Republican presidential candidate Newt Gingrich contends that the “grotesque failure” of President Barack Obama’s Mideast policies has propelled an “anti-Christian spring.”
The number of Christians in Iraq plunged from 1.2 million to 500,000 since the American invasion in 2003, and Christianity is under siege throughout the region, Gingrich told an audience in Myrtle Beach, S.C., Saturday.
“This is why the current strategy in the Middle East is such a total grotesque failure,” the National Journal
quotes Gingrich as telling a crowd of about 200. “People say, ‘Oh, isn’t this great, we’re having an Arab Spring.’ Well, I don’t know, I think we may in fact be having an anti-Christian spring. I think people should take this pretty soberly.”
Gingrich was referring to the wave of uprisings that have upset longtime autocratic regimes in the Middle East.
Ironically, the plight of Christians in the Middle East is likely to worsen as the Arab Spring removes dictators who shielded Christian communities. The parties that are gaining power in Libya, Egypt, Tunisia, and other countries tend to be offshoots of the fundamentalist Muslim Brotherhood.
As president, Gingrich said, “I would actively try to defend religious liberty across the planet, including in Egypt and Iraq.”
That vow comes amid increasing instances of violence targeting Christians, including the Oct. 8 killing of more than two dozen mostly Coptic Christian demonstrators in Egypt and the potential execution of a Christian pastor in Iran for refusing to renounce his faith and embrace Islam. In the Egyptian slaughter, the New-York based Human Rights Watch alleged a military cover-up and demanded an independent investigation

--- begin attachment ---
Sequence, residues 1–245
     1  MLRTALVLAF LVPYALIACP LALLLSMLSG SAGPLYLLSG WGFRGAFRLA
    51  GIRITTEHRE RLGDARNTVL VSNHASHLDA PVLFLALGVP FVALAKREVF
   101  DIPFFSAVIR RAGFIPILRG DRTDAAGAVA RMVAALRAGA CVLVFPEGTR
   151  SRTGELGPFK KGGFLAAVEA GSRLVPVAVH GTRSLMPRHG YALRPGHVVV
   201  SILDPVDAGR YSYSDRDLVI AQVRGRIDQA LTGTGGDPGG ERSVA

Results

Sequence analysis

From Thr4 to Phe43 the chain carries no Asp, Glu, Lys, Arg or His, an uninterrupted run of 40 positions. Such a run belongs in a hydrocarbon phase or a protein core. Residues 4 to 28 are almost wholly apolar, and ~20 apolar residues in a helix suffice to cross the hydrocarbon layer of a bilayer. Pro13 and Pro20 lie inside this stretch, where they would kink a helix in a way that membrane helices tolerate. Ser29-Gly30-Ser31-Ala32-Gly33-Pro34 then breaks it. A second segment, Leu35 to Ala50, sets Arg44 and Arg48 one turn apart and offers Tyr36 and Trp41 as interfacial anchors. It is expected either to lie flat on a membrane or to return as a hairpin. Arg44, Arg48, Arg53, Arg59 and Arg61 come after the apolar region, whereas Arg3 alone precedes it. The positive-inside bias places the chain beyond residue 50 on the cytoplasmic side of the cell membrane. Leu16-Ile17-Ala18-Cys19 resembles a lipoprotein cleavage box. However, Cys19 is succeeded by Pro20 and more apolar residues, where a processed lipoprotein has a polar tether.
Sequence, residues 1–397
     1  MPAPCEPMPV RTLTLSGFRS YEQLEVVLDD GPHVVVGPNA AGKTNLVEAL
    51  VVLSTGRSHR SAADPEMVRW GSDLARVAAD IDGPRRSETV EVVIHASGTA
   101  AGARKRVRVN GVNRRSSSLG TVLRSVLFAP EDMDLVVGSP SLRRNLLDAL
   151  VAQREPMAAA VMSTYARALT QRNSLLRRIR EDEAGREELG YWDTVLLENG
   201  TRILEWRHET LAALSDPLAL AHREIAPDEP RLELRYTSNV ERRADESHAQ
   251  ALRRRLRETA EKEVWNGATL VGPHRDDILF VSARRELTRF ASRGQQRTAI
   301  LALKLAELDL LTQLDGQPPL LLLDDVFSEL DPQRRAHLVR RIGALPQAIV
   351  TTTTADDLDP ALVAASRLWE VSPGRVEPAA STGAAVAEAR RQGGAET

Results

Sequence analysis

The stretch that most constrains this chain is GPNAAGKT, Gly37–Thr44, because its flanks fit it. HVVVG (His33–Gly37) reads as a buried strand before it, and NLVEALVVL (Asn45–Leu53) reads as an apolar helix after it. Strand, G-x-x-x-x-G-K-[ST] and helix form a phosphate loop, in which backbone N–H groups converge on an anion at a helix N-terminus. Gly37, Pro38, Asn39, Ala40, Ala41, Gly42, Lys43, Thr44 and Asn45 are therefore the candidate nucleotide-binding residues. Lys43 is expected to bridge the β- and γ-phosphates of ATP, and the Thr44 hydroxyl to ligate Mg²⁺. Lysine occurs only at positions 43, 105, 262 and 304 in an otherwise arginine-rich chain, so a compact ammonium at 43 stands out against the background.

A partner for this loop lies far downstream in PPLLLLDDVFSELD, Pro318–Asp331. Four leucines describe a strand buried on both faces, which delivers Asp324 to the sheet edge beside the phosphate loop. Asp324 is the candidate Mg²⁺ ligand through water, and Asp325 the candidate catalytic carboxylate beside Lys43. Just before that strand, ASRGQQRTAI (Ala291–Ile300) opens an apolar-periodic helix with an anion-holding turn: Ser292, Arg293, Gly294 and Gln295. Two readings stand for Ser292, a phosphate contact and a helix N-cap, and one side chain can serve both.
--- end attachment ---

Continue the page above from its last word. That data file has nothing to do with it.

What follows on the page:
. And the death sentence for Yosef Nadarkhani has prompted an international outcry, as Newsmax has reported
"The only hope for justice for the victims is an independent, civilian-led investigation that the army fully cooperates with and cannot control and that leads to the prosecution of those responsible," Human Rights Watch said.
Indeed, the flight of Christians from Egypt mirrors the Iraqi exodus Gingrich mentioned, as Newsmax reported last week
Egypt is home to about 8 million Coptic Christians, but at least 95,000 of them have fled since March, and the number could balloon to 250,000 by the end of this year, according to the Egyptian Federation of Human Rights.
"At the present rate, the Middle East's 12 million Christians will likely drop to 6 million in the year 2020. With time, Christians will effectively disappear from the region as a cultural and political force," according to Daniel Pipes, a leading scholar of the Middle East.
In Libya, transitional government leader Mustafa Abdul-Jalil laid out a vision a week ago for the country now that Moammar Gadhafi has been killed. Islamic Shariah will be the "basic source" of legislation and existing laws that contradict the teachings of Islam would be nullified, he said.
“We are an Islamic state,” he declared to a cheering crowd in Benghazi Sunday.
Christian Syrians have clung to the government of President Bashar Assad, despite his regime’s own atrocities and his threats against the West. They fear what might happen if Assad fell, having seen what has happened in neighboring countries. Indeed many Christians who have fled sectarian strife in countries such as Iraq have ended up in Syria.
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